Compost to save the planet

Seriously? Yep.

Last week, Time Magazine published an article that asked “What If the World’s Soil Runs Out?” The article highlighted the growing shortage of topsoil around the world due to unsustainable agricultural practices.

Topsoil is a living thing—it is the top 2 to 8 inches of soil where most of the microorganisms live and where plants put the majority of their roots. These microorganisms transform and recycle the topsoil material that they eat. We need them to make soil usable and livable for other organisms higher up on the food chain. They also are the tiny architects that structure soil so that it can retain moisture.

Photo of erroded soil. (Credit: iStockphoto via

The article suggests that we have only about 60 years-worth of topsoil left. The reason is that most agricultural practices, even the ones practiced in European countries, strip the soil of carbon and nutrients. Soil is primarily eroded in three ways:

1. We take more carbon than we put back. Some fields are burnt after a harvest to clear them. Others are stripped to feed animals. In both cases, carbon is moved out of the growing cycle.

2. We misuse fertilizers. They provide nitrogen, phosphorus and potassium and because plants will grow when these nutrients are available, we think that is all they need.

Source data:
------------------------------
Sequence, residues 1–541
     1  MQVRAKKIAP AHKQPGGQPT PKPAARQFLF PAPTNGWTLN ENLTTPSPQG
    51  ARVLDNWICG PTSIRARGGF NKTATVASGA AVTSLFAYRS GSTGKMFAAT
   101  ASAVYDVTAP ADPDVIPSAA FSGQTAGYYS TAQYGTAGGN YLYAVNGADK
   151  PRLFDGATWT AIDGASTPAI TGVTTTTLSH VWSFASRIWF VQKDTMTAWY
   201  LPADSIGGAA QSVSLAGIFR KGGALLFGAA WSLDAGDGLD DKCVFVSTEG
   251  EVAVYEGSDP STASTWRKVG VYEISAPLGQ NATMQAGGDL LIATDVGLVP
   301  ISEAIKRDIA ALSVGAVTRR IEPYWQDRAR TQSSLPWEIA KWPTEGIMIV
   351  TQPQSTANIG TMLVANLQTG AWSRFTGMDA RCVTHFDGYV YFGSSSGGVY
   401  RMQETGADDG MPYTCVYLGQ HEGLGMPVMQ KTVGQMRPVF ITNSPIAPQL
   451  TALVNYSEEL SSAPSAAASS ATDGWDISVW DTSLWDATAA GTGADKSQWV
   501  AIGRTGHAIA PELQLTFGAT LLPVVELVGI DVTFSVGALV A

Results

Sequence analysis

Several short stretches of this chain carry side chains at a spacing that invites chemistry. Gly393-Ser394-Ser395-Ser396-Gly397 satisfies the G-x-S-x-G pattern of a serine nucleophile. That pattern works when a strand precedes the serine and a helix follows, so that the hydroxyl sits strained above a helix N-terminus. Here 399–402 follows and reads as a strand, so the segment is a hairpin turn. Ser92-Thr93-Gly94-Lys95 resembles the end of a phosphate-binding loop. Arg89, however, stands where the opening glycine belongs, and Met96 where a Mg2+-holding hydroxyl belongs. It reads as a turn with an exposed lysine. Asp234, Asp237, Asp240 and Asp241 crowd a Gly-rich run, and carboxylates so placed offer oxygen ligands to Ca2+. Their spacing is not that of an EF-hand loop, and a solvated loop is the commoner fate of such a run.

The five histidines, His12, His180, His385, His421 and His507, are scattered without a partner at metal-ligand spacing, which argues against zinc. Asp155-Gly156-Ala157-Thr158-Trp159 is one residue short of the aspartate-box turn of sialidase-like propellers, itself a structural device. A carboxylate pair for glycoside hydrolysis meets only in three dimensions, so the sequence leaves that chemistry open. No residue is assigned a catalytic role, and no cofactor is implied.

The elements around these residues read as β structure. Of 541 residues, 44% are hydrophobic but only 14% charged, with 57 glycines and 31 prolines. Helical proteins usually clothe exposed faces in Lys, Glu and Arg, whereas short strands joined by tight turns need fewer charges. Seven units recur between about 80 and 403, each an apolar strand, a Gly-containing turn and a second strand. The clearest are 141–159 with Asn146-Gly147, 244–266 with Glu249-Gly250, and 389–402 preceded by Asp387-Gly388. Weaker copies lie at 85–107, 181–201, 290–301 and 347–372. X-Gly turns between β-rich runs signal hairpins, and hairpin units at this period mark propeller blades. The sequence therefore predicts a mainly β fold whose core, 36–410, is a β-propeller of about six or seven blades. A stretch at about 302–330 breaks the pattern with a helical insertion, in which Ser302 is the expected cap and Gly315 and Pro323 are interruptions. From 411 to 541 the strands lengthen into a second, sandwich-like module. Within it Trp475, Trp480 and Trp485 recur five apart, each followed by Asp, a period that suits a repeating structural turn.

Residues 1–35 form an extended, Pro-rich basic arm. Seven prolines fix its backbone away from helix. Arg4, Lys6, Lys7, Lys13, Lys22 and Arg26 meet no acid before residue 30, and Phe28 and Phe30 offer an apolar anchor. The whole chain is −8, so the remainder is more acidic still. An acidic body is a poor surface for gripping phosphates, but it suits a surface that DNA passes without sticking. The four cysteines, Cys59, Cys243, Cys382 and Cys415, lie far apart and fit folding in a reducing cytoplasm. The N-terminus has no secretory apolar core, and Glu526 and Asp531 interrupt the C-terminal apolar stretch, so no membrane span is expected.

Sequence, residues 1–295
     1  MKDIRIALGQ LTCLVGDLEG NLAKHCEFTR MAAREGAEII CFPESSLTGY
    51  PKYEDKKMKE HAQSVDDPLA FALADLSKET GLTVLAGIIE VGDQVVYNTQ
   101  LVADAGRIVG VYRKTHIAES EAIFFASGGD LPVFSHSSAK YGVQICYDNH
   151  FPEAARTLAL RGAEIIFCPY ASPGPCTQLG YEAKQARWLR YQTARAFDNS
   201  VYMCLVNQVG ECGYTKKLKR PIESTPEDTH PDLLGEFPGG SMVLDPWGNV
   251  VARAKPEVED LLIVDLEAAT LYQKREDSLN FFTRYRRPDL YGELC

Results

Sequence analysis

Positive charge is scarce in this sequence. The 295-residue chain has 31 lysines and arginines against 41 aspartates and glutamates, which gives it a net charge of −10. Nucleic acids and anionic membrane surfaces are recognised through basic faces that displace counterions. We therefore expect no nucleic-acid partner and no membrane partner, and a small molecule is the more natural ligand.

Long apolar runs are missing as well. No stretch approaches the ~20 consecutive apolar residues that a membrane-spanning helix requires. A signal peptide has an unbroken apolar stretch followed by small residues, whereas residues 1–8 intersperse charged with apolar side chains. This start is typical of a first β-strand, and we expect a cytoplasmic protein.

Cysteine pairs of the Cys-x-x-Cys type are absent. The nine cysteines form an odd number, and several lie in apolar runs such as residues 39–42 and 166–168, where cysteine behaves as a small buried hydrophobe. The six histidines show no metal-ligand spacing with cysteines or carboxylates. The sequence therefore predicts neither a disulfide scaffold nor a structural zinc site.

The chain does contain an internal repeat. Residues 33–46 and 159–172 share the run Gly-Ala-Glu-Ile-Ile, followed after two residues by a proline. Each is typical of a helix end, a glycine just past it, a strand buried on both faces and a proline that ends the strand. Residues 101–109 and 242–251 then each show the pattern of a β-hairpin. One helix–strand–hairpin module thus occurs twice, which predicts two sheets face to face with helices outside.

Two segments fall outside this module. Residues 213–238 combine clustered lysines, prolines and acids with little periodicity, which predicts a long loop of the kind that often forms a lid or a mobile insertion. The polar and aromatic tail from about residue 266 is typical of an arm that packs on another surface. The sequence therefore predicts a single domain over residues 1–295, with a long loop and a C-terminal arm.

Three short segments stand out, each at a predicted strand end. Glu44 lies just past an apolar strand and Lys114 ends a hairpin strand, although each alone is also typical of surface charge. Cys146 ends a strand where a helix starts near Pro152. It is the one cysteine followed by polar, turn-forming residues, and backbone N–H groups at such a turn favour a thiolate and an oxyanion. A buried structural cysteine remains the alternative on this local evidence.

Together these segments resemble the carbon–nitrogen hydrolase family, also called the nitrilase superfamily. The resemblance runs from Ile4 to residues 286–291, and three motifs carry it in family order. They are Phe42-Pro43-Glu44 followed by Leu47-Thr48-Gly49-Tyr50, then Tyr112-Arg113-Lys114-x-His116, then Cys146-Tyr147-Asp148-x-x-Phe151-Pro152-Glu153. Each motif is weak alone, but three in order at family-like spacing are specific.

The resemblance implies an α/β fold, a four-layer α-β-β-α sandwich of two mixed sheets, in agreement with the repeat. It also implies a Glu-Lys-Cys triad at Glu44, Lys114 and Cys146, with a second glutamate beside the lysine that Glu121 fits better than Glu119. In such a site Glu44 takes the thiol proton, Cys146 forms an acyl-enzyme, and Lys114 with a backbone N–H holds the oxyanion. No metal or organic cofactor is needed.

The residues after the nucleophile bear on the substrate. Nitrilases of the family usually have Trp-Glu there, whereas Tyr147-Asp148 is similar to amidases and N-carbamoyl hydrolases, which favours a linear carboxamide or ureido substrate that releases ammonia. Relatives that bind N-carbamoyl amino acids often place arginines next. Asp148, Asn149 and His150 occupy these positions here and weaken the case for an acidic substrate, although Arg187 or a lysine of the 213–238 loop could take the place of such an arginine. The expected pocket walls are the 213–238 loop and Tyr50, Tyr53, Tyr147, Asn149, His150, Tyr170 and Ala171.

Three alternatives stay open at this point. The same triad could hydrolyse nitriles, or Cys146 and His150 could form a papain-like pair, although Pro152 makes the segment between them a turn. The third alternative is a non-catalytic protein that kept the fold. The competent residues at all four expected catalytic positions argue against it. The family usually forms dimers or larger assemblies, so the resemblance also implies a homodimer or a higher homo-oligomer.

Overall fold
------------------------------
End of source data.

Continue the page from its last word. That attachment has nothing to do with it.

3. We also over-work the land through over-ploughing and over-grazing.

Compost produced by Recology Grover Environmental Products

Through composting yard debris and food scraps, we add carbon and other key nutrients, including nitrogen, phosphorus, potassium, back to the soil. Our efforts to return valuable nutrients and carbon to the soil are among the best examples of how to address the world’s soil nutrient shortage. You can learn more about the good things compost does for farmers, the environment and consumers in the WASTE ZERO section of

4 thoughts on “Compost to save the planet

  1. We’d love to start composting, but you don’t offer it as a service on the coast like the Recology customers on the Peninsula and in SF. When do you plan on including this as well?

    1. Hi Claire,

      We would love to offer curbside food scraps and yard debris recycling in your area! Unfortunately, the way our contracts work, we can’t offer a service unless our customers formally ask their city council members for it… Every community wants something different. Please let us know how we can help you to get compost services going in your area.

      1. Composting is fairly easy, right down to burying some scraps in the yard, as a raw-food advocate friend of mine does. I’m sure it would be nice and convenient to have it offered as a service, but I don’t see that as an excuse to not do it. Actually, this was the topic of my blog just the other day.

  2. I built a compost bin out of pallets. All topsoil has been eroded from our land due to practices in the dustbowl. My MIL insists on raking and burning the leaves. There are many sites online that offer tutorials on how to compost using large trash cans.

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